May 17, 2024

Scientists Test for Quantum Gravity

Posted by in categories: engineering, particle physics, quantum physics

The tension between quantum mechanics and relativity has long been a central split in modern-day physics. Developing a theory of quantum gravity remains one of the great outstanding challenges of the discipline. And yet, no one has yet been able to do it. But as we collect more data, it shines more light on the potential solution, even if some of that data happens to show negative results.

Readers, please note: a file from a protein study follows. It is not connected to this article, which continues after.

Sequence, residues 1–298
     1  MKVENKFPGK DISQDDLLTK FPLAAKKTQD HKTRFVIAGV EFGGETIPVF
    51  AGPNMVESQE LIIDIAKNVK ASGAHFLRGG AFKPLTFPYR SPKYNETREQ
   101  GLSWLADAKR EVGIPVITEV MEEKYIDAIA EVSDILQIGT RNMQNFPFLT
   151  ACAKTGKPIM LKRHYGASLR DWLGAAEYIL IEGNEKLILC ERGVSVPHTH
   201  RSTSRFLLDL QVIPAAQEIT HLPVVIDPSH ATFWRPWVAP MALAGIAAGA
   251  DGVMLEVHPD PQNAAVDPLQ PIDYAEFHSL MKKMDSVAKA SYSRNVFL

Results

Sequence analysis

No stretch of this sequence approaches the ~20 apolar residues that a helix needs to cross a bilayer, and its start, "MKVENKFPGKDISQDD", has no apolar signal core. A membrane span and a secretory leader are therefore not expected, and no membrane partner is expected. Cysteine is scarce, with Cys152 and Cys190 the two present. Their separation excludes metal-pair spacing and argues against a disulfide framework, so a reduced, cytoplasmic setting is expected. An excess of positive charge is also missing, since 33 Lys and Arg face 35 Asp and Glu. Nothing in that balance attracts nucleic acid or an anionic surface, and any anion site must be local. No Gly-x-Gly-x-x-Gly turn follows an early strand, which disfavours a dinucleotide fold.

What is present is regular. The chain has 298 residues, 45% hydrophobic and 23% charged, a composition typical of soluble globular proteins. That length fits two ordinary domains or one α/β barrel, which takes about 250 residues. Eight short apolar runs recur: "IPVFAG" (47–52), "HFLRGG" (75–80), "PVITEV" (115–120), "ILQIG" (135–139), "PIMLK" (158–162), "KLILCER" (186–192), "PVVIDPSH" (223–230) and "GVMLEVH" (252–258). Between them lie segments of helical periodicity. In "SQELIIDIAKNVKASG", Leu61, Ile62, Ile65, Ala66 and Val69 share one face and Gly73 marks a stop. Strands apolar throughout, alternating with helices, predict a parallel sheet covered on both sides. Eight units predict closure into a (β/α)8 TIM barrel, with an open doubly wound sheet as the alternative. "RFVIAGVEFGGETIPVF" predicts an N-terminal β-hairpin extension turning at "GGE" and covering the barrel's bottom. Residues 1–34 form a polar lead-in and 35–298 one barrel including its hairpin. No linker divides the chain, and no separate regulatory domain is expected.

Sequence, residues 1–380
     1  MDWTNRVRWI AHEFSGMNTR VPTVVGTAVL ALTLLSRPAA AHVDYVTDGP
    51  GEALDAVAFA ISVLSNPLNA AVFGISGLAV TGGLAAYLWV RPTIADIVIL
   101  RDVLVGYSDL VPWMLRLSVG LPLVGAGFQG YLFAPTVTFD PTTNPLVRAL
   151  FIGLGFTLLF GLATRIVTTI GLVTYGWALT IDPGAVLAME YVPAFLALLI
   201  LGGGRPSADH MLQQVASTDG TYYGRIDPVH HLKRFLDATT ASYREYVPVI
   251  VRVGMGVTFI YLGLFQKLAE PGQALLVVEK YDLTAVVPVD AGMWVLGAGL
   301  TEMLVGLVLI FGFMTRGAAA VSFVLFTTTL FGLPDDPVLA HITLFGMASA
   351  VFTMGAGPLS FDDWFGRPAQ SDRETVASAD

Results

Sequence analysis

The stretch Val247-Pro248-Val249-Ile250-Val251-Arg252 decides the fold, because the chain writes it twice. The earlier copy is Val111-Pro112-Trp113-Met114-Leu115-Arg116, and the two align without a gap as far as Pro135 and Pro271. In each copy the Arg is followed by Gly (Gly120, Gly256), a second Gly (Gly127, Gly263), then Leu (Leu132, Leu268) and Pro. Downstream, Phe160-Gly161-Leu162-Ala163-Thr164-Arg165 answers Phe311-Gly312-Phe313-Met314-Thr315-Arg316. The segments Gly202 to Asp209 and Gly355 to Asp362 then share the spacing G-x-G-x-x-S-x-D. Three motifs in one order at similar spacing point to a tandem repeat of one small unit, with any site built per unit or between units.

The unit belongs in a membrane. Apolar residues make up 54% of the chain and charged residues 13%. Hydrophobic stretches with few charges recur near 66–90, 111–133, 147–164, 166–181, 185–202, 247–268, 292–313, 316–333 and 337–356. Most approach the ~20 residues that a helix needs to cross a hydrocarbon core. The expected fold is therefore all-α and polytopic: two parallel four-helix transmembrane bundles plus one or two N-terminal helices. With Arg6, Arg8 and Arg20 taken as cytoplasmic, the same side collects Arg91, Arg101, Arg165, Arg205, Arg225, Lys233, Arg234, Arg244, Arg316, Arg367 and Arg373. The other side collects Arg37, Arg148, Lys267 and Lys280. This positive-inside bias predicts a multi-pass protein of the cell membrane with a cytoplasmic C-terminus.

That happened recently with a review of data collected at IceCube, a neutrino detector located in the Antarctic ice sheet, and compiled by researchers at the University of Texas at Arlington. They looked for signs that gravity could vary even a minuscule amount based on quantum mechanical fluctuations. And, to put it bluntly, they didn’t find any evidence of that happening.

To check for these minuscule fluctuations, they analyzed more than 300,000 detected neutrinos that IceCube had captured. IceCube is an impressive engineering feat, with thousands of sensors buried over one sq km in the ice. When one of the detectors is triggered by one of a hundred trillions of neutrinos passing through it every second, data on whether it was affected by any perturbations in the local gravity of that area can be collected.

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